Let’s start with some basic definitions.  Stabilization is used to describe the flat trajectory of fossil fuel emissions: 7GtC/year.  Business-as-usual (BAU) conditions are represented by a linear increase in emissions until 2054. A stabilization wedge, also commonly referred to as a stabilization triangle, “represents an activity that reduces emissions to the atmosphere that starts at zero today and increases linearly until it accounts for 1 GtC/year of reduced carbon emissions in 50 years.”  So it’s emissions that we actively prevent from going into the atmosphere.  To get from the BAU case to the stabilization case then requires a cumulative total of 25GtC over the 2004-2054 period.  In order to get to 500ppm concentration at the end of 100 years, emissions would have to be held constant for 50 years, then slashed by 2/3 for the following 50 years!  But there are critical problems with this preliminary approach.  500ppm isn’t the goal we should be shooting for and emissions have only increased since 2004, which means it will take even more effort to get back down to 7GtC/year, then even more effort to slash emissions in that last 50-year time period!!

With definitions in mind, we can move onto specific wedge proposals.  Pacala and Socolow identify 15 (see below)  that are already present at an industrial scale and could be further deployed to account for at least 1 wedge worth of emissions.  They take care to point out that “most readers will reject at least one of the wedges listed here, believing that the corresponding deployment is certain to occur in BAU, but readers will disagree about which to reject on such grounds.”  Keep that in mind as you peruse the following list:

  1. Increase fuel economy for 2 billion cars from 30 to 60 mpg
  2. Decrease car travel for 2 billion 30-mpg cars from 10,000 to 5,000 miles per year
  3. Cut carbon emissions by one-fourth in buildings and appliances projected for 2054
  4. Produce twice today’s coal power output at 60% instead of 40% efficiency (compared with 32% today)
  5. Replace 1400 GW 50%-efficient coal plants with gas plants (four times the current production of gas-based power)
  6. Introduce CCS (Carbon Capture & Sequestration) at 800 GW coal or 1600 GW natural gas (compared with 1060 GW coal in 1999)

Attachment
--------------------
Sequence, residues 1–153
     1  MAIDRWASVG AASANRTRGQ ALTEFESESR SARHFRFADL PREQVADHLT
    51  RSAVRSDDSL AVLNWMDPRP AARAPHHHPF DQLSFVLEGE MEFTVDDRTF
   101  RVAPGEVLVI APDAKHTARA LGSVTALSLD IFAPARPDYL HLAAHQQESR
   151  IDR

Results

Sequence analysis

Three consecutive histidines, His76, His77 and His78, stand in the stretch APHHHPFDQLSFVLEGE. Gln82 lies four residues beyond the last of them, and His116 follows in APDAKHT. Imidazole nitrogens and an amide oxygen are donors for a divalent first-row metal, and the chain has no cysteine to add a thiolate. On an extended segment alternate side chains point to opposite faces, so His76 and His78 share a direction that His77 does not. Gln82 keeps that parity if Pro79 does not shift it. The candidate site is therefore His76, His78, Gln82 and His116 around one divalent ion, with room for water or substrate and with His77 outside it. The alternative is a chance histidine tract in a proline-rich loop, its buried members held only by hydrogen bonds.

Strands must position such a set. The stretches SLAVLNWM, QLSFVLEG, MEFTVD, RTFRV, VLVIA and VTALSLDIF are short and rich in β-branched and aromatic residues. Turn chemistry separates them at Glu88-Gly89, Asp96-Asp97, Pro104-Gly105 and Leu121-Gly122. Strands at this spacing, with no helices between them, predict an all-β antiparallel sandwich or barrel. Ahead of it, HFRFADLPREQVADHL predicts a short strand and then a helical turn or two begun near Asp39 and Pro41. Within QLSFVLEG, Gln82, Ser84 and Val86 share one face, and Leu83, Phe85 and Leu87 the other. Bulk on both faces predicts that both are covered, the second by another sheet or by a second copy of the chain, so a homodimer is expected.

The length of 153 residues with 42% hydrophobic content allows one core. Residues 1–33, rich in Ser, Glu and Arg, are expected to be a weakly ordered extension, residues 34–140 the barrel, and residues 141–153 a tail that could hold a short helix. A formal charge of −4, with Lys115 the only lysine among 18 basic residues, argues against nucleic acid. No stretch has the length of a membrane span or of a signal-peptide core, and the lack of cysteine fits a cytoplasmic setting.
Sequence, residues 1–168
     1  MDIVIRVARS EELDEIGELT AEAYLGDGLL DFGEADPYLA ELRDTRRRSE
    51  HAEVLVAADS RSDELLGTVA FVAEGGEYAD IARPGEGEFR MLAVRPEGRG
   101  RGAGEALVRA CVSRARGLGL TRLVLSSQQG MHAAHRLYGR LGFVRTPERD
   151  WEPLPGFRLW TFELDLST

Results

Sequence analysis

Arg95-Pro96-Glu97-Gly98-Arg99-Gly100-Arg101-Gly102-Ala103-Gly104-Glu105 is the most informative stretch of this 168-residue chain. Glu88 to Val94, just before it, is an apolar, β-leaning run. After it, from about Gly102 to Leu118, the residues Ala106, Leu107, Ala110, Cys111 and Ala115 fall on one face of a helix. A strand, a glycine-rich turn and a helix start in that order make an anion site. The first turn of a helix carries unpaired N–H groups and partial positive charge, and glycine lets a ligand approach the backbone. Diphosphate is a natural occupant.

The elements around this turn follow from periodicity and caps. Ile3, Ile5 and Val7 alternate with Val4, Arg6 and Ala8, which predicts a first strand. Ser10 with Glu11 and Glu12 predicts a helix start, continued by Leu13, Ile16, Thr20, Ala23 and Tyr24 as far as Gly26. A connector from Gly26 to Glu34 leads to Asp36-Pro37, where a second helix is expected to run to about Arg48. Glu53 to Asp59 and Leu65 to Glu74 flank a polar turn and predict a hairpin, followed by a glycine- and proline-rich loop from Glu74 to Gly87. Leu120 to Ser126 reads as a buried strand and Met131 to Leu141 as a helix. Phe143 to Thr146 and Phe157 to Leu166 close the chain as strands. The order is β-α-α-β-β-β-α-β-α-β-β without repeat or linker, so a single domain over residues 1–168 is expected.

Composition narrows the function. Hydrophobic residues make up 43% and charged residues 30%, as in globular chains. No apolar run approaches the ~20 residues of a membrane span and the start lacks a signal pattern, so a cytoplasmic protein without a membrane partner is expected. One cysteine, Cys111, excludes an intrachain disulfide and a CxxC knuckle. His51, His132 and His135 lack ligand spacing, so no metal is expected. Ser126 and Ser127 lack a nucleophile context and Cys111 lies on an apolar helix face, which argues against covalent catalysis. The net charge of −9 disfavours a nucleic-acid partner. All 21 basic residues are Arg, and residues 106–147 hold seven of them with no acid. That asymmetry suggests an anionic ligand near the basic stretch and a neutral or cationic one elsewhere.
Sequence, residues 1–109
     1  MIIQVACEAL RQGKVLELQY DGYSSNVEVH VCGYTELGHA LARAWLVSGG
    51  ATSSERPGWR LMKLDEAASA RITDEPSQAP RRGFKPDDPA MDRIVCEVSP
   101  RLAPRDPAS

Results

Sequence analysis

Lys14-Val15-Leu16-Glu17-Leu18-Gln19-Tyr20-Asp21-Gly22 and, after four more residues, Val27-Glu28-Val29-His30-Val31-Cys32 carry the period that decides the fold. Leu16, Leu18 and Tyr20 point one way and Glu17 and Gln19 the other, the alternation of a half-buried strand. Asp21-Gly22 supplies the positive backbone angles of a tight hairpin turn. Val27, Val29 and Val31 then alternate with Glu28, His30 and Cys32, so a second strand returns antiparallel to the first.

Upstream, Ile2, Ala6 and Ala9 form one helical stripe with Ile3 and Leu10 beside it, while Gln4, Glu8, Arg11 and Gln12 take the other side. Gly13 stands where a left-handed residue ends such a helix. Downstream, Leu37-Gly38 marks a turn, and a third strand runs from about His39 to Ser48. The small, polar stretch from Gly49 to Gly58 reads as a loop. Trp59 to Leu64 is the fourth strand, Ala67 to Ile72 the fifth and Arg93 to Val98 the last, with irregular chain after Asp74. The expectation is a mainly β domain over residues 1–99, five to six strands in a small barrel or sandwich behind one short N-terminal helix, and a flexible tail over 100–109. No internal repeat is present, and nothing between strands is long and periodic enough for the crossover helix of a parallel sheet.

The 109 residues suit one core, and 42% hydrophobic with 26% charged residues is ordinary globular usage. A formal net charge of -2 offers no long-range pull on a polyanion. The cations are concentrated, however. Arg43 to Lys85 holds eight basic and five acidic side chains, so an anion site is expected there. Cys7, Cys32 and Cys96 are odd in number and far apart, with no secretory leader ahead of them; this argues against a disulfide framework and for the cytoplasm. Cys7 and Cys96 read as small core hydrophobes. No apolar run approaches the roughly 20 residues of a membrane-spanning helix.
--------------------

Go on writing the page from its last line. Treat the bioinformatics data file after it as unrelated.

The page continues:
7. Introduce CCS at plants producing 250 MtH2/year from coal or 500 MtH2/year from natural gas (compared with 40 MtH2/year today from all sources)
  8. Introduce CCS at synfuels plants producing 30 million barrels a day from coal (200 times Sasol), if half of feedstock carbon is available for capture
  9. Add 700 GW nuclear fission energy (twice the current capacity)
  10. Add 2 million 1-MW-peak windmills (50 times the current capacity) “occupying” 30 x 106 ha, on land or offshore
  11. Add 2000 GW-peak PV (700 times the current capacity) on 2 x 106 ha
  12. Add 4 million 1-MW-peak windmills (100 times the current capacity)
  13. Add 100 times the current Brazil or U.S. ethanol production, with the use of 250 x 106 ha (one-sixth of world cropland)
  14. Decrease tropical deforestation to zero instead of 0.5 GtC/year, and establish 300 Mha of new tree plantations (twice the current rate)
  15. Apply conservation tillage to all cropland (10 times the current usage)

That’s quite the list, isn’t it?  2 billion cars, …, 4 million windmills, …, all to stabilize to just 500ppm.  Pacala and Socolow do point out that carbon saved from 1 wedge often means carbon cannot be similarly saved by another wedge due to interactions between the wedges.  “The more the electricity system becomes decarbonized, for example, the less the available savings from greater efficiency of electricity use, and vice versa.”

I personally see big problems with numbers 6, 7, 8, 9 and 13.  Even though this article was published in 2004, large-scale CCS still isn’t viable today.  Part of that is technological; perhaps a larger part is ambiguous market forces.  The costs of not deploying large-scale CCS technologies are currently externalized.  Once that status quo shifts, the extent of CCS deployment will change.  Adding twice the current nuclear capacity, and replacing the current capacity by 2054, would cost enormous sums of money, to say nothing of any other problem related to nuclear power.  There is a large amount of risk involved with planning, building and operating nuclear fission plants, especially in the U.S.  Nuclear isn’t carbon-free power, either.  Energy from renewable sources have lower life-cycle carbon costs associated with them.  As long as we’re working toward stabilizing CO2 concentrations, we should probably emphasize solutions that produce fewer overall problems.

With a basic premise of climate stabilization established, I hope the takeaway from this piece is stabilizing global CO2 concentrations by ~2100 at 500ppm is very challenging, but also technically doable.  I’ll follow with a discussion about another stabilization proposal using more recent information and outlooks since the 2004 Pacala and Socolow paper.  The situation has worsened since then, which means the solutions have become harder to implement.

Cross-posted at SquareState.